Final exam and midterm

Exams and mid-terms will be open book and lecture notes, but no electronics devices will be allowed (except a basic calculator).

The mid-term will be in class, on Tuesday November the 7th.

The final exam will be 12:15-3:15 p.m, on Thursday December 14th.

Please post on piazza under ‘logistics’ if any of these dates do not work for you and will setup an alternative time.


There will be a required project for those students taking this course as a project-course. We will distribute the project description on the fourth week. The grades for project and non-project students will be graded separately.

Project groups can contain at most three people.

The projects will be due Friday the 8th of December at 5pm (submit the project as you would submit a HW).

Other courses in optimization

The MS&E Department has several other courses in optimization and related topics. Those focusing primarily on optimization as such are:

MS&E 111 (=E62), 212, 310, 311, 312, 313.

Courses emphasizing applied settings in which optimization plays a major role are:

MS&E 251, 302, 322, 339, 334, 344, 351, 361.

For descriptions of the content of these courses, as well as those in other departments, consult explore courses.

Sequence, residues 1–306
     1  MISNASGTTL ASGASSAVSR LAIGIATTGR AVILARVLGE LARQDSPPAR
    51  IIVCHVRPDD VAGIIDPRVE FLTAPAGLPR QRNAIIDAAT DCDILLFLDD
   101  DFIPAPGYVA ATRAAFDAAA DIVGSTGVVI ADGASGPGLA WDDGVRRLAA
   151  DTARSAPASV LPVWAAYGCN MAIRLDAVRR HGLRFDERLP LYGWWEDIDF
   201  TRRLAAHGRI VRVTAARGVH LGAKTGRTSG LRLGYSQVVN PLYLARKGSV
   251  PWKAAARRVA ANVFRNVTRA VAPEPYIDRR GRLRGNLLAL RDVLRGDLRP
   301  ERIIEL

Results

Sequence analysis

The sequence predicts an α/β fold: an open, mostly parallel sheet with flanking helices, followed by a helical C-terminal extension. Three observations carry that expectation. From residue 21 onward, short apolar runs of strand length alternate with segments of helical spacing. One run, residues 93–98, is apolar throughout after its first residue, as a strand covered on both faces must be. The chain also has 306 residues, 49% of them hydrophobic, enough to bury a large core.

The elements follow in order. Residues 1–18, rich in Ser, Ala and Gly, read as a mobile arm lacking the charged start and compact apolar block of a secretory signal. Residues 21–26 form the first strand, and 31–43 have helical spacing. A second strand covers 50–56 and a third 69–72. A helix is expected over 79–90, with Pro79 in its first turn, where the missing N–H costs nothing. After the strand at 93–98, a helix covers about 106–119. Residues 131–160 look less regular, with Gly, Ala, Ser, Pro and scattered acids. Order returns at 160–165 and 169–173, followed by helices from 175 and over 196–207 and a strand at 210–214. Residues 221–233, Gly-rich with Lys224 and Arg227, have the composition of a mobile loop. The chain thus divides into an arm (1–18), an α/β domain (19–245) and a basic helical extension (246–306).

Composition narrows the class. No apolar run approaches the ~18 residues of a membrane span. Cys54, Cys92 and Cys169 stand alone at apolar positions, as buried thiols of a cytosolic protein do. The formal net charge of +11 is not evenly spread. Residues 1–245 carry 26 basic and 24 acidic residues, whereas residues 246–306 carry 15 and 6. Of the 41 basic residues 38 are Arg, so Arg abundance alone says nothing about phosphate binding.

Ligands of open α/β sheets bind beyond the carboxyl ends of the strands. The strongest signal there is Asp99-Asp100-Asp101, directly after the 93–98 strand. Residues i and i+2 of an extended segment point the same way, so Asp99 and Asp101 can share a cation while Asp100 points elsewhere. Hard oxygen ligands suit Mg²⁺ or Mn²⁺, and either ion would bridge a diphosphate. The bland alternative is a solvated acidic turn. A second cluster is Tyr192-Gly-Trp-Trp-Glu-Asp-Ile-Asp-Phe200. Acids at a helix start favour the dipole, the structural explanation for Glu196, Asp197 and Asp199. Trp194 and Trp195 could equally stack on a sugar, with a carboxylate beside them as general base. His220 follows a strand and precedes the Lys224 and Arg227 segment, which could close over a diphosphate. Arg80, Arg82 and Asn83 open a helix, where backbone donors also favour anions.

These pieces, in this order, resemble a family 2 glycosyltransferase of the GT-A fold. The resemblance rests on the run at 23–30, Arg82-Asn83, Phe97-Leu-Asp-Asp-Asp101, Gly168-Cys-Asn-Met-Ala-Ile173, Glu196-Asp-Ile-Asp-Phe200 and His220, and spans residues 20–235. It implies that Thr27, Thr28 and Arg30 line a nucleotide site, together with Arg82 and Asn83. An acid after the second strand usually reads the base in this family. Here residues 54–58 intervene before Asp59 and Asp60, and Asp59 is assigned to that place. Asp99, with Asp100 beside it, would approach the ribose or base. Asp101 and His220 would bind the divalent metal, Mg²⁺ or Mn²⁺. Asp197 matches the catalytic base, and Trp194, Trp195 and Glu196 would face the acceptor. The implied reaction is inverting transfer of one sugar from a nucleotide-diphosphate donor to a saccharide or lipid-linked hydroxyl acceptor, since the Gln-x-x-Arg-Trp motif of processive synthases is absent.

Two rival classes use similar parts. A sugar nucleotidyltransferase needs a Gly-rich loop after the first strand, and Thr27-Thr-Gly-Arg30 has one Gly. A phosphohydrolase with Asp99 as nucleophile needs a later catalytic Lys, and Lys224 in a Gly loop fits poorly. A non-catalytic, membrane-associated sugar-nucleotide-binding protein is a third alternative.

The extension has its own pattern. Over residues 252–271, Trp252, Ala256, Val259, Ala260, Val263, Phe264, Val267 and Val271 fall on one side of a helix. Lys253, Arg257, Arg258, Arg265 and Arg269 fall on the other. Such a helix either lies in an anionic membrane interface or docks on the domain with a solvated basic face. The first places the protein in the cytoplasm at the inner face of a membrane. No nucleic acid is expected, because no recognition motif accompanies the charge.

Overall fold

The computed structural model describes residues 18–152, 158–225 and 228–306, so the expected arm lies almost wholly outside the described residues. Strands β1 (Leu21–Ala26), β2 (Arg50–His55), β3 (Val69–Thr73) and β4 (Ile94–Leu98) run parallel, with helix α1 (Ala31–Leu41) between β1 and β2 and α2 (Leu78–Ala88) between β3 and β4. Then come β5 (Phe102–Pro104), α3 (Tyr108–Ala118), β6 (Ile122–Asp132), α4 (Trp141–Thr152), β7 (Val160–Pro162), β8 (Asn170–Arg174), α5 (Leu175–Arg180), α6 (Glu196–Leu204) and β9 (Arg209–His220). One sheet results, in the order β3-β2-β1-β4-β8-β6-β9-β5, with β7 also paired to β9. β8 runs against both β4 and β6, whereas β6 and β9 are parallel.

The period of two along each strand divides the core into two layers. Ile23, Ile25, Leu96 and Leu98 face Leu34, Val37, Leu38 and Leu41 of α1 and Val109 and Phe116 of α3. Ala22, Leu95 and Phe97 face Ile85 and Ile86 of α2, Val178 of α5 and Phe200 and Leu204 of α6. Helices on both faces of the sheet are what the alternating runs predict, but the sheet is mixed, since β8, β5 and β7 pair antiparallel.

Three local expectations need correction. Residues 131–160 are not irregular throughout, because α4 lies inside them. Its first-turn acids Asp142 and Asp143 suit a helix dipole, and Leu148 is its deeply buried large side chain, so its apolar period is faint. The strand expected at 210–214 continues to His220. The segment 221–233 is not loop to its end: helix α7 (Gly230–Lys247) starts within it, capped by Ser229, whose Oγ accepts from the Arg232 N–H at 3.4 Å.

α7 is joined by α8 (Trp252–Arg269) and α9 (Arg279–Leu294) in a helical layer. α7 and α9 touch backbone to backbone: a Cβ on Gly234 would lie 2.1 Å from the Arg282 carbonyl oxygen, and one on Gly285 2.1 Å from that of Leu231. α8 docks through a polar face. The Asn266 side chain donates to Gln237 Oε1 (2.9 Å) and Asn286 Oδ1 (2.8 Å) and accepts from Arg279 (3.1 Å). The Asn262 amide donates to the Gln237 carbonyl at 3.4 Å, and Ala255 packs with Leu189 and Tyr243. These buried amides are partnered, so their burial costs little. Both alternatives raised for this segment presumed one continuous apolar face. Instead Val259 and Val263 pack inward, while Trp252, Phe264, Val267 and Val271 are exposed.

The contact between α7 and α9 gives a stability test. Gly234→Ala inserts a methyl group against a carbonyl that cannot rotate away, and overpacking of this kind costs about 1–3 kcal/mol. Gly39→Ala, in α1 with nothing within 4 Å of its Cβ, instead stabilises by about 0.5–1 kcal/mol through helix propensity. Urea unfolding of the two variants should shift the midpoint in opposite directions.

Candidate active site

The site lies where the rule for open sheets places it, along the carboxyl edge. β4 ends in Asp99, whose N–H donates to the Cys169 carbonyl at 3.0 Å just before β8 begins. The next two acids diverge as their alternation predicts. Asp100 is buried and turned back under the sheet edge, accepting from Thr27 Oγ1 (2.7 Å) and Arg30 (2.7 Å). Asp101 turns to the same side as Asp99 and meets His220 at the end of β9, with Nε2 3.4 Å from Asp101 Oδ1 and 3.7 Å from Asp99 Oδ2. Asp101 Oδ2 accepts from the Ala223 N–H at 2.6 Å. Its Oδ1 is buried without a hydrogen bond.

Q: What is the difference between MS&E 211X and MS&E 211?

The accelerated version assumes students have a linear algebra and multivariate calculus background whereas the non-accelerated version does not. Consequently, the former course moves at a faster pace.

Q: I am an on-campus student, how do I login to view my course lectures?

A: Stanford students attending graduate classes on-campus should visit Valid SUNet ID required.

Q: I am enrolled through SCPD, how do I login to view my course lectures?

A: Please log into your mystanfordconnection account at For login issues please contact technical support,

Q: What is a problem session?

A: In addition to our office hours, there will be a ‘‘problem session’’ on most Fridays. This problem session will review lecture topics of each week, and would show you homework samples and their solutions; and they will be video taped as well.

Q: What is a remote student?

A: Remote students are students that are (i) non-SCPD and (ii) off campus for some (or all) of the quarter. For exams and midterm and final exam it is important that remote students organize a proctor ahead of time. More details on this will be released during the first week of class.

Information for Students with Documented Disabilities

Students who have a disability which may necessitate an academic accommodation or the use of auxiliary aids and services in a class, must initiate the request with the Student Disability Resource Center (SDRC), located within the Office of Accessible Education (OAE). The SDRC will evaluate the request with required documentation, recommend appropriate accommodations, and prepare a verification letter dated in the current academic term in which the request is being made. Please contact the SDRC as soon as possible; timely notice is needed to arrange for appropriate accommodations. The Office of Accessible Education is located at 563 Salvatierra Walk (phone: 723-1066; TDD: 725-1067).